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can electrolytic capacitors catastrophically fail or explode if they are shorted out? Answered

My father (an electrical engineer) told me that if a capacitor is charged and than shorted out than it can fail, possibly with explosive results. However I have seen way to many Youtube videos of capacitor banks being shorted and nothing but a big spark happening. Who is right? Can anybody help me?


I doubt that a properly functioning electrolytic would explode if shorted...If reversed, overheated, physically decayed or overloaded then yes they can explode (or at least leak goo all over). When my electronics instructor tried to demonstrate this for us he tripped the breakers for the entire electronics lab (it may have had something to do with the GFI on the building though). High voltage caps can be safely discharged through resistors, just be sure to do the math on the power you will be putting through the resistor and adjust wattage to suit. If you don't mind sparks just touch the leads together. As a sidenote high voltage caps should always be stored with the leads shorted (with wire or a resistor), ambient air in certain environments can charge caps to their full rated voltage. Always assume caps which are not shorted are charged and handle accordingly.

Those who have commented that they "Didn't think they would explode" are dead wrong! I just replaced a 300uf Starting capacitor on a large air compressor whose "Start" normally closed switch failed to open upon motor coming up to rpm. It exploded violently after about 5 seconds of motor full speed operation, sending hard plastic, hot electrolyte and metal fragments all over. I was hit in the face with a piece of plastic and it drew blood. You bet, they CAN explode.....The "Best" answer below is based on supposition, mine on real life experience....

Caps don't explode when shorted, they explode if wired in reverse, you may have wired that cap in reverse, or something else may have been wrong with it. Caps can deliver many hundreds of amps instantaneously.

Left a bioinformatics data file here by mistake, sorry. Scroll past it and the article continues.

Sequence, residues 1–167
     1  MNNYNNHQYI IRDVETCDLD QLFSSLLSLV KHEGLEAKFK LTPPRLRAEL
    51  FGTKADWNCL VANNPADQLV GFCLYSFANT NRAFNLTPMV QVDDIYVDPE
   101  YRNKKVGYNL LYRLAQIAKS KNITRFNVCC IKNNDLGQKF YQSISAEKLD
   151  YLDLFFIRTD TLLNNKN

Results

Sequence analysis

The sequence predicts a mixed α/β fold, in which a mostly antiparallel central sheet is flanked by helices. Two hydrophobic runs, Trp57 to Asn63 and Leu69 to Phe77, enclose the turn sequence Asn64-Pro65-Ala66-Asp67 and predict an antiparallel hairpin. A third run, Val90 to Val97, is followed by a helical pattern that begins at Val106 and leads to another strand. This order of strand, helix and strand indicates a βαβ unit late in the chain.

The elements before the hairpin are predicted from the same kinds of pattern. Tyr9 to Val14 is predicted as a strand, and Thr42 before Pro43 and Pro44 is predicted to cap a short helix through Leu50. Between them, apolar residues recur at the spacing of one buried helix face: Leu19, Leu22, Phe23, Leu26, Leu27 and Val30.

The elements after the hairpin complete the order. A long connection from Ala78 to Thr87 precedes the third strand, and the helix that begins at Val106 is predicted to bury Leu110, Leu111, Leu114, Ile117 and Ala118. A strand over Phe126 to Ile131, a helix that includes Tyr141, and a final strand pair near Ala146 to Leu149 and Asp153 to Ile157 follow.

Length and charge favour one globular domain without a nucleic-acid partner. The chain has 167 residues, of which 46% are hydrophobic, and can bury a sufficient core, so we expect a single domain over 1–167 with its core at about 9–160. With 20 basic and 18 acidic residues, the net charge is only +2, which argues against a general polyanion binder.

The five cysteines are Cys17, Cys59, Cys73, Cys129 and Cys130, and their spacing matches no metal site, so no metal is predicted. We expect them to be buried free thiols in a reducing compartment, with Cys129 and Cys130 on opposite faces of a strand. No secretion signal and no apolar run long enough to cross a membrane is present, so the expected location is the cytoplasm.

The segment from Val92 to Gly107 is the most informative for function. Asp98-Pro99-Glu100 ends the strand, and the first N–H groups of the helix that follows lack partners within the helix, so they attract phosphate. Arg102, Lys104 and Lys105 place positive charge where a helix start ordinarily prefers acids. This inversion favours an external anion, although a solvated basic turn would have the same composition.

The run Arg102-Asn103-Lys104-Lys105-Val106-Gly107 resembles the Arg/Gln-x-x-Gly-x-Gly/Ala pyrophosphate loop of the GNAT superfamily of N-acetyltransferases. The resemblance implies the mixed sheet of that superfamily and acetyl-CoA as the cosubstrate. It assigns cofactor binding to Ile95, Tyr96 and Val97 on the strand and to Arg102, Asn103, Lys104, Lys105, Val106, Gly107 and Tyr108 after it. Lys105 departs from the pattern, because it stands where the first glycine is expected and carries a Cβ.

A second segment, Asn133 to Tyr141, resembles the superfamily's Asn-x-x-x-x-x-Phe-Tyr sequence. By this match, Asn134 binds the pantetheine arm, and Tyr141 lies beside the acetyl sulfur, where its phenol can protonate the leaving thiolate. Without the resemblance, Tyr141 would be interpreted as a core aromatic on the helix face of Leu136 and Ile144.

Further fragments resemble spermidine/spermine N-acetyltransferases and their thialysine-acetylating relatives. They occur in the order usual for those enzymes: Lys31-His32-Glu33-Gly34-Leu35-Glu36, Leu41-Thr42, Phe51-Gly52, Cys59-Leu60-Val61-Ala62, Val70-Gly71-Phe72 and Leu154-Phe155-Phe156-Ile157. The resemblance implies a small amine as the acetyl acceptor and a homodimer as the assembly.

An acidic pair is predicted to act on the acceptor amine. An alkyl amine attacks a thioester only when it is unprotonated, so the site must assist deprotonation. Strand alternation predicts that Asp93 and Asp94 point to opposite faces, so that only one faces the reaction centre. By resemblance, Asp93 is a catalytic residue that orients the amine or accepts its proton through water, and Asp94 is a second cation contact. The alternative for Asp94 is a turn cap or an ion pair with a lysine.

I’ve never had one explode from being shorted but they can explode from being over charged, over heated, and with the polarity reversed and I have had that happen before. Super capacitors will be damaged if they are shorted but i’ve never heard of them exploding from it. Some electrolytic caps have a vent on the top its an x shaped indent and those will blow out if it fails, but if it doesn’t have one the whole can will shoot off I saw one go 50 feet once. Don’t breathe the smoke if one does blow I heard it was toxic.

If you plug them in to 240v 10 amps they blow up real good!

This one is from personal expirience... I was working on a RADAR system for the miltary. On the test stand, the receiver-transmitter was running, warming up to operating temperature. The timer circuit was inoprerative, so the repair manual said to cycle the system off, then on again. Turned the system off, waited the 30 seconds, turned the system back on, and *BOOM*! An electrolytic filter capacitor in the low-voltage power supply exploded, taking off the end cover of the R-T. The end cover was a compression flange-ring type, and it went about 20 feet across the room. Short answer...Yes. These were metal-film electrolytic capacitors. And, it was one of the small ones, in the range of 120 uF.


9 years ago

They can certainly explode if their polarity is connected incorrectly (i.e., opposite.) I've done it ;-)

And I believe that HV caps can also fail catastrophically during discharge.

For instance, if one capacitor in a bank of caps has an internal flaw, then the rest of the caps in the bank can all discharge into the fault. All that energy flowing into a defective (shorted) cap will very likely cause explosive failure, by vaporizing the liquid dielectric in an electrolytic capacitor.

Haha, that is cool, I have one time over loaded (voltage) an small capacitor and it explode with an resulting of a very loud bang, it is louder than a M-80 firecracker and it is so loud that the bang echoed around my neighborhood... :-)

I have personally witnessed capacitors, large ones, several inches in diameter and many inches in length (used in automotive stereo applications to provide extra power for subwoofer amplifiers) explode, and I mean EXPLODE.

but they have a low voltage rating (ie- 12-14V) so easily made to explode.

My teacher once demonstrated shorting out a bank of really huge electrolytic capacitors. It arced several inches through the air and made a huge pop, but no explosion. However, if you were to apply too high a voltage or put them in backwards, you can expect an explosion.

Your father might be right about old capacitors, but on newer capacitors, they don't seem to explode. However, the newer capacitor can lose capacity and useful life if shorted harshly.

I don't think they explode when shorted, but I do know form firsthand experience that they can explode if you go over their voltage limit.